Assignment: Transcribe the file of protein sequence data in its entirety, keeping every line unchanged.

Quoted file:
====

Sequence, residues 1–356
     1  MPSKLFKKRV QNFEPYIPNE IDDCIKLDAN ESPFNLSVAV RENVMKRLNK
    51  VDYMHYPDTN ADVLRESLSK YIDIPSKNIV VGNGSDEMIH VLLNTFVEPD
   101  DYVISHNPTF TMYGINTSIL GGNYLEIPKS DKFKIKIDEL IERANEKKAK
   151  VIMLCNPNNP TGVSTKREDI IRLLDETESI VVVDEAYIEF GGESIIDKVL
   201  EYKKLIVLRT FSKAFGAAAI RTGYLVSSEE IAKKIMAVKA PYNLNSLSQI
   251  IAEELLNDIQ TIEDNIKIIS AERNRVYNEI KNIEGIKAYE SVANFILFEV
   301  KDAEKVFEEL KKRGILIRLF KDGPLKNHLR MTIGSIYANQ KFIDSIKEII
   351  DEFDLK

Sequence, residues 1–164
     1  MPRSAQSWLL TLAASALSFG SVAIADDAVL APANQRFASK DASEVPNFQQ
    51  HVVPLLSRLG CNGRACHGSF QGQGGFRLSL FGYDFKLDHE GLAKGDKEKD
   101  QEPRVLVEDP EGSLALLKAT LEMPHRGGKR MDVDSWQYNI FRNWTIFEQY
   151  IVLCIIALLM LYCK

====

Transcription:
Sequence, residues 1–356
     1  MPSKLFKKRV QNFEPYIPNE IDDCIKLDAN ESPFNLSVAV RENVMKRLNK
    51  VDYMHYPDTN ADVLRESLSK YIDIPSKNIV VGNGSDEMIH VLLNTFVEPD
   101  DYVISHNPTF TMYGINTSIL GGNYLEIPKS DKFKIKIDEL IERANEKKAK
   151  VIMLCNPNNP TGVSTKREDI IRLLDETESI VVVDEAYIEF GGESIIDKVL
   201  EYKKLIVLRT FSKAFGAAAI RTGYLVSSEE IAKKIMAVKA PYNLNSLSQI
   251  IAEELLNDIQ TIEDNIKIIS AERNRVYNEI KNIEGIKAYE SVANFILFEV
   301  KDAEKVFEEL KKRGILIRLF KDGPLKNHLR MTIGSIYANQ KFIDSIKEII
   351  DEFDLK

Sequence, residues 1–164
     1  MPRSAQSWLL TLAASALSFG SVAIADDAVL APANQRFASK DASEVPNFQQ
    51  HVVPLLSRLG CNGRACHGSF QGQGGFRLSL FGYDFKLDHE GLAKGDKEKD
   101  QEPRVLVEDP EGSLALLKAT LEMPHRGGKR MDVDSWQYNI FRNWTIFEQY
   151  IVLCIIALLM LYCK